Top level articles
This play, which tells the story of Albert Namatjira, the first indigenous Australian painter to win international acclaim, premiered in Alice Springs in late 2009 and has since toured Australia. Now, this fascinating story comes to London. At the Southbank Centre
Battersea Arts Centre's London Stories: A 1-on-1-on-1 Festival is uniquely positioned to become a most powerful form of participatory theatre. The idea is simple: begin with a sprawling building, like old municipal offices; invite in local people who feel they have life-changing experiences to tell about living their messy, complicated lives (that's pretty much all of us), and organise ushers and staff to direct the moving traffic of paying audience members from story to story around the building.
The phenomenon which is Miranda Sings at Leicester Square is the only show in the vicinity originating from being a YouTube sensation. Colleen Ballinger is a comic genius for creating the world of Miranda, the "relly tallented" star of the bite-size screen.
IronBark Theatre, a company specialising in presenting Australian theatre in the UK, produced an excellent production of Ruben Guthrie, an award-winning play by an acclaimed young Australian playwright, Brendon Cowell at the New Wimbledon Studio.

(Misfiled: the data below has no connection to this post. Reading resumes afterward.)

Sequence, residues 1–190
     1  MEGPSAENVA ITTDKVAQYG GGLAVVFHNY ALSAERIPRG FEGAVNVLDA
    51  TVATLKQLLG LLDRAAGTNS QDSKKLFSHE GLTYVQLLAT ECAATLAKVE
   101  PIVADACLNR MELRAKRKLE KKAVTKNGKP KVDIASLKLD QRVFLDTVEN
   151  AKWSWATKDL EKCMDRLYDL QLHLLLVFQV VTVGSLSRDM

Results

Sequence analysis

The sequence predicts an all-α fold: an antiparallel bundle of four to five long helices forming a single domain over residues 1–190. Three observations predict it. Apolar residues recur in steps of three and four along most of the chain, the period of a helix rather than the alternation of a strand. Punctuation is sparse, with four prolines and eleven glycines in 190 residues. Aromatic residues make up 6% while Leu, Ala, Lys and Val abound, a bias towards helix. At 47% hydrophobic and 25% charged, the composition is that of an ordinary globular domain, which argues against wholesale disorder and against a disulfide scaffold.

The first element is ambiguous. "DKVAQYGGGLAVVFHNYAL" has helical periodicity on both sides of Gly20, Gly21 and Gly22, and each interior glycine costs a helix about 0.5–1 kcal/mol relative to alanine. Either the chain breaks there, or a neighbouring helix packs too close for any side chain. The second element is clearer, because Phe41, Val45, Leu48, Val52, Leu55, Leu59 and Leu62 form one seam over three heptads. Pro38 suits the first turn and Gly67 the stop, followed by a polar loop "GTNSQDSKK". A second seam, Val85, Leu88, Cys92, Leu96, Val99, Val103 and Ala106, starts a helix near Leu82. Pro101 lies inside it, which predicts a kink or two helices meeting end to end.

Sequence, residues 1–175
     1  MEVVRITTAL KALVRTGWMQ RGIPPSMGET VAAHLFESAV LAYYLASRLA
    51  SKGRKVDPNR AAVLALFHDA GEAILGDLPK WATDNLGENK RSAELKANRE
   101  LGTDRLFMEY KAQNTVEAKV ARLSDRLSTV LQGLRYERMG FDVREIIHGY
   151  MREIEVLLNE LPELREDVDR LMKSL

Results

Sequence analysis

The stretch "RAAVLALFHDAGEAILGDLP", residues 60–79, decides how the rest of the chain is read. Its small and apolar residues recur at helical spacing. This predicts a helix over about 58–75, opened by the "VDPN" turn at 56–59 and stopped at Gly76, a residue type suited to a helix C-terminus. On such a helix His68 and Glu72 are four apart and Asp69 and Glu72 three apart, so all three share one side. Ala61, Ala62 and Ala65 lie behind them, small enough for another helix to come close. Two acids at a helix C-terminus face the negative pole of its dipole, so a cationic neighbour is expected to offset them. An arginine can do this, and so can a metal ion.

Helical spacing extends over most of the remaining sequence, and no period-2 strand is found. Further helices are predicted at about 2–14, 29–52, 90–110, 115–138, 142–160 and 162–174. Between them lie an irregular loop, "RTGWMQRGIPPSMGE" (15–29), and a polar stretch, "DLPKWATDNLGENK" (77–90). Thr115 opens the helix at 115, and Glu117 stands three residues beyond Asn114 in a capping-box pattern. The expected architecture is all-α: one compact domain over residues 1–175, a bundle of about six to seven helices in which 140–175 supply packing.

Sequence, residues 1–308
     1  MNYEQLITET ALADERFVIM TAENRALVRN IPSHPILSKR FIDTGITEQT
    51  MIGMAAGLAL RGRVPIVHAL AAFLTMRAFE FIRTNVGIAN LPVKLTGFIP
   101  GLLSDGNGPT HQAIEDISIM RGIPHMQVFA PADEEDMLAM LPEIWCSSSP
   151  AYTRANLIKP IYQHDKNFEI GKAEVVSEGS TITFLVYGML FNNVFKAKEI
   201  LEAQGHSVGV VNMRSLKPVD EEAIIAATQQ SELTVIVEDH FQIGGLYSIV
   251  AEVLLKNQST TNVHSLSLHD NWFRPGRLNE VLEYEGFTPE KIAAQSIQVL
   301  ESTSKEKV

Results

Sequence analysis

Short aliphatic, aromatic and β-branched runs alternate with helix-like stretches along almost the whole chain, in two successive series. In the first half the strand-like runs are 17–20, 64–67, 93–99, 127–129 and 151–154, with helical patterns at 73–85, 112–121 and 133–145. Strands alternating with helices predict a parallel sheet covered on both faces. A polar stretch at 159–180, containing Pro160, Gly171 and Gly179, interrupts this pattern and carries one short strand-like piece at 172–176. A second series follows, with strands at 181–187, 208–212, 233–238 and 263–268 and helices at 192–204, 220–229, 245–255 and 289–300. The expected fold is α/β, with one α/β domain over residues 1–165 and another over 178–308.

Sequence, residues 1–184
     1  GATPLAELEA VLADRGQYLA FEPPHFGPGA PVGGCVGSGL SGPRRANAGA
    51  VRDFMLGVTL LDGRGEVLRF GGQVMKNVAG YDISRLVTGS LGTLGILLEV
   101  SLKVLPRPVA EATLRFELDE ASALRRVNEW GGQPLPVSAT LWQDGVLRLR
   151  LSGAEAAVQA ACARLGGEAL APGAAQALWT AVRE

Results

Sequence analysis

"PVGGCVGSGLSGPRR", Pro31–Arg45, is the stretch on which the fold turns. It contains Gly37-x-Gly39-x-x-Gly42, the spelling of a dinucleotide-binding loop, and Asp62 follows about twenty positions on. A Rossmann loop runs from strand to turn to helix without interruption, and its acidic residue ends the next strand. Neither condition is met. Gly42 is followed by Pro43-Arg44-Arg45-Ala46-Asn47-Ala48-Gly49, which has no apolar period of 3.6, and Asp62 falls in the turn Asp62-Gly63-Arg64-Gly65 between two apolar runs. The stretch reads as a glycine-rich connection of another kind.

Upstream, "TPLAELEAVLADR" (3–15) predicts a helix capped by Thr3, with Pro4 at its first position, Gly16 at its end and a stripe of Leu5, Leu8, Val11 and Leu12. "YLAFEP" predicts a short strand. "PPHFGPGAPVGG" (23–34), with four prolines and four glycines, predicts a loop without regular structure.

Antic Disposition’s Tempest marks the 400th anniversary of the first recorded performance of the play before James I at Whitehall Palace in 1611. While that venue now no longer exists, the Middle Temple Hall’s direct link to another first performance of a Shakespearean play, Twelfth Night, in 1602, is crucial for maintaining historic and artistic links between the 2011 production and the Elizabethan theatre.
As an unknown theatre historian who had come to London to re-think her own place in teaching, researching and creating theatre, I am excited at the prospect of seeing the 2009 production of Waiting For Godot. The £47 I spend on the tickets is the most I’ve ever spent on tickets. I read the reviews and seeing the favourable reactions, I conclude that it must be a monumental interpretation of a most challenging play. I so set off to see how four notable performers deal with the central problem which the play presents for actors of not acting, of doing nothing but wait.